Uganda has been considered one of the countries where public investment is characterised by poor planning, etc.
By Irene Achola
Over the past years, we have seen an increase in financial allocations to infrastructure development projects, with the works and transport sector receiving sh4.6 trillion in the current budget.
It becomes imperative to have such investments closely monitored to spur economic development.
It has been argued that most of the investments made in the infrastructure development projects over the last decade have not benefited the average Ugandan.
It is not surprising that the World Bank observed that there hasn't been sufficient value for money for public projects over the past 10 years. In the recent report by PwC, 2017 they mention that, to yield results on such huge investments in infrastructure development projects, the design and implementation of these works has to be closely monitored and evaluated to get value for money.
Uganda has been considered one of the countries where public investment is characterised by poor planning, delays in procurement processes and under execution of works (IMF Report, 2013).
Therefore, to fully realise the actual social and economic benefits, there must be better management of the public resources. According to a study carried out by the Advocates Coalition for Development and Environment in Assessing Public Expenditure Governance in Uganda's Road Sector, it was discovered that poor road construction was mainly attributed to the absence of sufficient monitoring and evaluation.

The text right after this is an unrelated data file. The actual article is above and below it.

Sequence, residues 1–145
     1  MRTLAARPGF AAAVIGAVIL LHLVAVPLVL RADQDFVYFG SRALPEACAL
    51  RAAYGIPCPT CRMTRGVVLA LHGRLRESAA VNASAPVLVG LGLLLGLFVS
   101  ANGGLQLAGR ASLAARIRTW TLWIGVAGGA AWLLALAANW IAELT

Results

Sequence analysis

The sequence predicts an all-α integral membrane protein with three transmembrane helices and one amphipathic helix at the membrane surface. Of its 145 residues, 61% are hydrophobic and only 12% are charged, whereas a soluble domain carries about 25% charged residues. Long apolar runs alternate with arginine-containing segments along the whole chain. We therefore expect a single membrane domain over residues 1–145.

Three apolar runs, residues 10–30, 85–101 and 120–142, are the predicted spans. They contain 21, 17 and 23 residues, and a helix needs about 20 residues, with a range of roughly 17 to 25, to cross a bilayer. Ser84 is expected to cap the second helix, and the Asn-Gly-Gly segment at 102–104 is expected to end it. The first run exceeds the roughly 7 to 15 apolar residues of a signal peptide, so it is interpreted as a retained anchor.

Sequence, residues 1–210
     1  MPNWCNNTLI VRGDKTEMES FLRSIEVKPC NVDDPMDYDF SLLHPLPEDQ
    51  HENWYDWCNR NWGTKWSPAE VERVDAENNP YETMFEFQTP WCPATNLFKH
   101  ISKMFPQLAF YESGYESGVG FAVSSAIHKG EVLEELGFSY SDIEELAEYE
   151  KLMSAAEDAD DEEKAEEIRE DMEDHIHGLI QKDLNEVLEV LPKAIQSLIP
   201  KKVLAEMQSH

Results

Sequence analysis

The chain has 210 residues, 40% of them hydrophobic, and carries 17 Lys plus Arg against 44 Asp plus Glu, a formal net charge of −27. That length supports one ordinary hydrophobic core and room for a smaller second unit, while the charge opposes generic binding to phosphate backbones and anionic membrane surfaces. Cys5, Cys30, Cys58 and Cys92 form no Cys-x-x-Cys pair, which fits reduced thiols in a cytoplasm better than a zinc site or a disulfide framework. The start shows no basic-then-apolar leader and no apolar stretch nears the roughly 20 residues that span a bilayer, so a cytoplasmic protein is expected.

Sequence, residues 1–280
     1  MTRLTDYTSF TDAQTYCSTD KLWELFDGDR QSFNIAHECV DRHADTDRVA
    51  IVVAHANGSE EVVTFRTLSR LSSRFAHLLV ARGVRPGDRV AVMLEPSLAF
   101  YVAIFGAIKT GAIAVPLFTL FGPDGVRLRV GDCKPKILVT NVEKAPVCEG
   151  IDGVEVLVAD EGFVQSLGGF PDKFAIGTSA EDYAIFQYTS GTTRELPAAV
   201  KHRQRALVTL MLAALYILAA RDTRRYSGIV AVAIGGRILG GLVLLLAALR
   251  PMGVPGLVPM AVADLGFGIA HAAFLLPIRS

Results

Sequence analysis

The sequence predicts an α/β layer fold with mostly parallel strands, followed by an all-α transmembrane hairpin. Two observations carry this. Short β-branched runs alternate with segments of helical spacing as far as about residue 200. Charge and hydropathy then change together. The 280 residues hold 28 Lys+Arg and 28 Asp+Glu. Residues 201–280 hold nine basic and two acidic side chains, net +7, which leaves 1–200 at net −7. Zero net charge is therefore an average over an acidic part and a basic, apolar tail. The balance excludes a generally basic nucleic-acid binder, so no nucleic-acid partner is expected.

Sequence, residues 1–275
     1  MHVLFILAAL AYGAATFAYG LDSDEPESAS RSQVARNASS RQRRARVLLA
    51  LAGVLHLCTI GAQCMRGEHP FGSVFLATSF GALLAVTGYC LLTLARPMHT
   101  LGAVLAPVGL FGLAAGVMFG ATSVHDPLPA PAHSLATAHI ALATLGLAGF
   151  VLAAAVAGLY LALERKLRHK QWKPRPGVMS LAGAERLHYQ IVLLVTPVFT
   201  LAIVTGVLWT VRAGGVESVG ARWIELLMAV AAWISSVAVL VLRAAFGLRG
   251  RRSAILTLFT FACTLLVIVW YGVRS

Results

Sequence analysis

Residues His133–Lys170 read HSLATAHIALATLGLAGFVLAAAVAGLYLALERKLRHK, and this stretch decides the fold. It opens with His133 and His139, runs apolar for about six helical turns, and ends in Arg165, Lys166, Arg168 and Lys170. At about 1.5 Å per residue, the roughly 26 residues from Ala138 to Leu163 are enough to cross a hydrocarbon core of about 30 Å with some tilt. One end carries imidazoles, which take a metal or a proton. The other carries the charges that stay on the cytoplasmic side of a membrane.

The study by the Office of the Auditor General in 2009 also indicated that all the districts that were covered by the engineering audit did not have work plans scheduled with monitoring and evaluation visits.
Furthermore, the Engineering Audit report also indicated that Uganda National Roads Authority (UNRA) also had weakness in supervision and monitoring of works contracts. In addition to this, UNRA also lacked the adequate capacity to undertake effective monitoring of multiple projects being implemented concurrently. It is important that the Government addresses the issue of whether the infrastructure development projects are achieving what they were meant to achieve. Supervision and monitoring will help in addressing some of these concerns as it helps to hold leaders accountable.
The huge investments in the infrastructure development projects should be able to benefit the people of Uganda but good public expenditure governance has to be emphasised so that Ugandans can fully enjoy the economic benefits.
The writer research officer with the Advocates Coalition for Development and Environment